3 Overvalued Quarterbacks (Busts)

Aug 06, 2020
3 Overvalued Quarterbacks (Busts)

Drafts since early March have shown us how much the QB market has changed. Everybody’s looking for the next Lamar Jackson. Or, hunting for 2020’s Dak Prescott. The demand has pushed our favorite QB targets higher in the draft forcing us to adjust our strategy. Ten QBs had an eighth-round or earlier ADP in 2018 and 2019. The early and mid-round QB strategies still left multiple options for the later rounds. That number has jumped to 15 this season. But while the average draft cost may dictate a QB’s value, it’s not a guarantee they’ll meet that value by the end of the season.


More Overvalued Players: WR | RB | TE


Recency bias and outlier performances get washed away throughout the offseason. Draft picks boost an offense and foster our excitement for certain QBs. As a result, the corresponding narratives live within the echo chamber of social media and the market responds. It causes us to overvalue certain QBs and inject risk into our squads. Using historical data, I pulled some profiles that can help identify quarterbacks we should be wary of drafting as we head into 2020.

Overview

Overvalued gives us the same connotation as ‘bust candidate’ and that’s not necessarily the same thing. We can overvalue DeAndre Hopkins in drafts after he switched teams to an offense with other established receivers and not label him as a bust. It’s about his cost relative to the players going around him.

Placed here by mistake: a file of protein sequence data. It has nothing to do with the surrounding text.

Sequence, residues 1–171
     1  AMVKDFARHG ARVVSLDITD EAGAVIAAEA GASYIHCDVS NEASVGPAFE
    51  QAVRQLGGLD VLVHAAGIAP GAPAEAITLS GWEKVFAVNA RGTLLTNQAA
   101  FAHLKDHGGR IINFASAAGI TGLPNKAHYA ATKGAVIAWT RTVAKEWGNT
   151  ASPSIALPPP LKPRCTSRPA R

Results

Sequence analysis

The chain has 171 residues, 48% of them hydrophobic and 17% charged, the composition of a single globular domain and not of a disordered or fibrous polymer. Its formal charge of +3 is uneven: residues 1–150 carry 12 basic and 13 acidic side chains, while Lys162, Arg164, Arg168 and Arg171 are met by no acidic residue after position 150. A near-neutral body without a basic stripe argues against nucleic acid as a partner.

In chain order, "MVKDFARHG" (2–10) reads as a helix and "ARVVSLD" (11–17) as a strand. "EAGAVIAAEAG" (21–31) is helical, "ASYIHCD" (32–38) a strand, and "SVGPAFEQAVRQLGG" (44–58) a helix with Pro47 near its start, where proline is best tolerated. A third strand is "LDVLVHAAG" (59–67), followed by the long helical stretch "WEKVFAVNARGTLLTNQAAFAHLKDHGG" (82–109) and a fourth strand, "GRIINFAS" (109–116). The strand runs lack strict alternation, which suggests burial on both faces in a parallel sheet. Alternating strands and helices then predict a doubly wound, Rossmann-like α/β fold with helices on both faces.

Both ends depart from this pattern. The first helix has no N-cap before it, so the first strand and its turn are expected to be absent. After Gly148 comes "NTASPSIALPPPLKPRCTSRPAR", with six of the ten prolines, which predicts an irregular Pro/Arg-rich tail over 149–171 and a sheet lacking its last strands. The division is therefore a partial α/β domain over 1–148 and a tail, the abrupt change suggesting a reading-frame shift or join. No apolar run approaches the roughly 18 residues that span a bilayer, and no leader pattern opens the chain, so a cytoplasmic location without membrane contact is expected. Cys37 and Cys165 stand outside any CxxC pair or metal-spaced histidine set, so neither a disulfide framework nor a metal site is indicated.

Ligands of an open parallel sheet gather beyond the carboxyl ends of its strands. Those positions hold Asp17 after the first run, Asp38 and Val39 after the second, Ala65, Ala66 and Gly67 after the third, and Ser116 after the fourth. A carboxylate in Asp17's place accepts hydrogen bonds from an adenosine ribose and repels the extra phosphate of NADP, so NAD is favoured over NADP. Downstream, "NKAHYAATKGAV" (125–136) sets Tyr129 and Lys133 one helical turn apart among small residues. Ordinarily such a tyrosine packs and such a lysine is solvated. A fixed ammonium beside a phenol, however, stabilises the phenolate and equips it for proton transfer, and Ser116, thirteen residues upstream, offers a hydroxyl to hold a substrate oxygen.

The same applies to QBs. Their overall ADP may present little to no risk to your team, but their positional ADP may be ahead of their realistic finish. With that in mind, I used some trends from the past three seasons to highlight potential candidates.

Process and Results

Volume and touchdowns are what we look for from a quarterback. But specifically, how those two metrics are derived let us see how offenses operate. If we can get a sense of their approach, we can adjust our views accordingly. A few data points stuck out:

  • Neutral passing rates: It’s a measure of how the team prefers to operate without any external influence. League average has hovered around 59.1% over the last three seasons. Teams at below-average rates or notable changes should a cause for concern.
  • Production while trailing: Total production accounts for every pass thrown in every situation. But every situation isn’t likely to occur the following year. At least, not at the same rate. Players with above-average rates while trailing should qualitatively review for any regression potential (e.g. defensive adjustments, offseason moves).
  • Red zone passing rate: Yards are great, but touchdowns are greater. Teams with noteworthy shifts in run-pass splits while in scoring position open up more potential for risk as their path to accumulating touchdowns becomes unclear.

Risky Quarterbacks in 2020

Baker Mayfield (Latest ADP: QB15)

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